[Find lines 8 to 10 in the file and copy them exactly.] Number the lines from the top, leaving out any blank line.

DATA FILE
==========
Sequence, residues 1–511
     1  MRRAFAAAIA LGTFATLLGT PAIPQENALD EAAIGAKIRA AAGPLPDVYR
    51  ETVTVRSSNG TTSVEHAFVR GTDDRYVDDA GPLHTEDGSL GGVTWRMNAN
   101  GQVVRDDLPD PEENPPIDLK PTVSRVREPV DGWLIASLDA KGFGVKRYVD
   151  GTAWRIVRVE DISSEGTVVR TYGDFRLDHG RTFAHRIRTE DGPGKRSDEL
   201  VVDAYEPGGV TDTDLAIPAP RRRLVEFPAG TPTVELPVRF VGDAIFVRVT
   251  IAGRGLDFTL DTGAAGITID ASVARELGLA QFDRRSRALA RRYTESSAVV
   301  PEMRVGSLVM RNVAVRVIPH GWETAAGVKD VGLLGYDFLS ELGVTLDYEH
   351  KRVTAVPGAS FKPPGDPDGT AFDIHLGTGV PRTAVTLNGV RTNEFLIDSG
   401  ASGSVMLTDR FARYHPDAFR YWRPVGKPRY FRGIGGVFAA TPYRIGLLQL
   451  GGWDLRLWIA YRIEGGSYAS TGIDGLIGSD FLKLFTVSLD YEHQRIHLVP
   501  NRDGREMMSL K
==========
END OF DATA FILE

   301  PEMRVGSLVM RNVAVRVIPH GWETAAGVKD VGLLGYDFLS ELGVTLDYEH
   351  KRVTAVPGAS FKPPGDPDGT AFDIHLGTGV PRTAVTLNGV RTNEFLIDSG
   401  ASGSVMLTDR FARYHPDAFR YWRPVGKPRY FRGIGGVFAA TPYRIGLLQL